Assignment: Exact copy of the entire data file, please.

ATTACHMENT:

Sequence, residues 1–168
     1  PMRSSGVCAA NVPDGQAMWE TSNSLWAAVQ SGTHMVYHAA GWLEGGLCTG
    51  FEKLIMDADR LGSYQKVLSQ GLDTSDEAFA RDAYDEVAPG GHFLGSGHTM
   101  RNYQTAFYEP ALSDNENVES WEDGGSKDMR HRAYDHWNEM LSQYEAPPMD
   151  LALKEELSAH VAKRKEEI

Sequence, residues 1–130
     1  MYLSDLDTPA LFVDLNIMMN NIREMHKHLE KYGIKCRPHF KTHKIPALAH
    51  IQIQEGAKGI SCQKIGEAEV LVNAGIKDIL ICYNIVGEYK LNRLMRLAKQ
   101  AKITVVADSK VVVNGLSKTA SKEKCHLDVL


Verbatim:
Sequence, residues 1–168
     1  PMRSSGVCAA NVPDGQAMWE TSNSLWAAVQ SGTHMVYHAA GWLEGGLCTG
    51  FEKLIMDADR LGSYQKVLSQ GLDTSDEAFA RDAYDEVAPG GHFLGSGHTM
   101  RNYQTAFYEP ALSDNENVES WEDGGSKDMR HRAYDHWNEM LSQYEAPPMD
   151  LALKEELSAH VAKRKEEI

Sequence, residues 1–130
     1  MYLSDLDTPA LFVDLNIMMN NIREMHKHLE KYGIKCRPHF KTHKIPALAH
    51  IQIQEGAKGI SCQKIGEAEV LVNAGIKDIL ICYNIVGEYK LNRLMRLAKQ
   101  AKITVVADSK VVVNGLSKTA SKEKCHLDVL